DMV giving notice to motorists with lapsed policies

Published on

Inside Bay Area (California)

Motorists who thought they could pull a fast one by getting insurance to register their car and then canceling it better put the brakes on that strategy.

A new law requires insurers to provide electronic notification to the state Department of Motor Vehicles when customers cancel their insurance.

Starting today, the DMV plans to start sending notices to motorists who have let their insurance lapse.

The notice will inform them that they have 45 days to reinstate their insurance or face having their car registration suspended.

The legislation was authored by state Sen. Jackie Speier, D-San Mateo.

Speier also authored a law that requires motorists to provide proof of insurance when registering their vehicles or when pulled over by police.

Since that law took effect in 1997, the percentage of vehicle accidents involving an uninsured vehicle in California dropped from 24 percent in 1996 to 14 percent in 2003.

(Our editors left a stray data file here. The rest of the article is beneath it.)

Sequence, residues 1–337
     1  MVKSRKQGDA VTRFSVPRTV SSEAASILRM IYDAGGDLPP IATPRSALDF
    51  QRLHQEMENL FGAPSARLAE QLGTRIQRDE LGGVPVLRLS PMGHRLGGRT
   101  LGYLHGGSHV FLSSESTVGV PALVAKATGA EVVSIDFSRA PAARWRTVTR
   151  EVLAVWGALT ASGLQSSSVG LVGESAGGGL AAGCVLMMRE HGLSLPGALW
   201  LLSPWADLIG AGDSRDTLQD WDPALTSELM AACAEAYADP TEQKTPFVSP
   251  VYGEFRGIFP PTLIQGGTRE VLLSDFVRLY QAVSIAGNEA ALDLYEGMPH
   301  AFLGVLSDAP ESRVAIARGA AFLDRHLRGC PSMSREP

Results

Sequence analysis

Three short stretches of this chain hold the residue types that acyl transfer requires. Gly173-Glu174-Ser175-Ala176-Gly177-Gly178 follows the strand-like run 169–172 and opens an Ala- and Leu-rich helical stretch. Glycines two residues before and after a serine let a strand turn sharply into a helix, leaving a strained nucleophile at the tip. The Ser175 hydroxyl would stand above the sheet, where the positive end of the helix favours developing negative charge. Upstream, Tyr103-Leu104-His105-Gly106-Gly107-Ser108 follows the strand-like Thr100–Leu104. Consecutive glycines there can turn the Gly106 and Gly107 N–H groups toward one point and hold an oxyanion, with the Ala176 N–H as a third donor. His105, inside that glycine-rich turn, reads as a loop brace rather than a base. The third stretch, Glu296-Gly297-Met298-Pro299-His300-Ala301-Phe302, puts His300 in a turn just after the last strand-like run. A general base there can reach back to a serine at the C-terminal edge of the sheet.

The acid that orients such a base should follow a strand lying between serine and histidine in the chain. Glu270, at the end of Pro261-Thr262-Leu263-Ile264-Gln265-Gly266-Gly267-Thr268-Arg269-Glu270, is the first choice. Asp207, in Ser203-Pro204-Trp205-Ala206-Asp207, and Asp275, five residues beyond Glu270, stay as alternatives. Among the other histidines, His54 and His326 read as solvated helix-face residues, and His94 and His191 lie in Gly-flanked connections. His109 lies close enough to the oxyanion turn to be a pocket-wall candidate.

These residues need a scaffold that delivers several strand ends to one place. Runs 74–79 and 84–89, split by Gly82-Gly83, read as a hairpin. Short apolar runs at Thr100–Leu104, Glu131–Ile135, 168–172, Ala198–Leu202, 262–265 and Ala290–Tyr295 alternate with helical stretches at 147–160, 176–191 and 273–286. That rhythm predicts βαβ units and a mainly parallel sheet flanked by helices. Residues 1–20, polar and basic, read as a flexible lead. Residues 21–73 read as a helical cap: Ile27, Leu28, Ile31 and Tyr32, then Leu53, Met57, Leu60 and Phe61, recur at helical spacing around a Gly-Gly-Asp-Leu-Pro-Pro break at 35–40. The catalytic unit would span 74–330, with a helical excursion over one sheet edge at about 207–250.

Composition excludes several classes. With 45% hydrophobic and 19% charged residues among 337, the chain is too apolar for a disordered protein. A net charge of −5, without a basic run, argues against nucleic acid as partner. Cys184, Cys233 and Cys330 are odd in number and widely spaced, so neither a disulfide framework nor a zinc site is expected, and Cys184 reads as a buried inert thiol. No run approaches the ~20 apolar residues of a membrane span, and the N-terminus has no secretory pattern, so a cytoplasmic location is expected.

"It’s been a resounding success," Speier said. "The one loophole is that people could buy insurance and then cancel it after three months. This is going to close that loophole."

"A lot of people buy the insurance and get the car registered, and then they cancel it," said DMV spokesman Armando Botello. "There was no way for the DMV to know the insurance was canceled until they get stopped by an (law enforcement) officer or were involved in an accident or the next time their registration came up."

There are no excuses for motorists to be without insurance given the existence of the low-cost auto insurance program, said Speier.

Speier and consumer advocates are hoping that SB 1500 will prompt more uninsured motorists to consider low-cost auto insurance.

"Now people are going to be getting reminded by the DMV that they’ve got a problem with their registration because of an insurance lapse. I think that will spur people to get it," said Doug Heller, executive director of the Foundation for Taxpayer and Consumer Rights.

"Prospectively, the DMV is going to become the biggest promoter" of low-cost insurance, Speier said.

Heller and Speier would like to see the DMV include information about the low-cost auto insurance program in the notices that are sent out.

Consumer Watchdog
Consumer Watchdog
Providing an effective voice for American consumers in an era when special interests dominate public discourse, government and politics. Non-partisan.

Latest Videos

Latest Releases

In The News

Latest Report

Support Consumer Watchdog

Subscribe to our newsletter

To be updated with all the latest news, press releases and special reports.

More Releases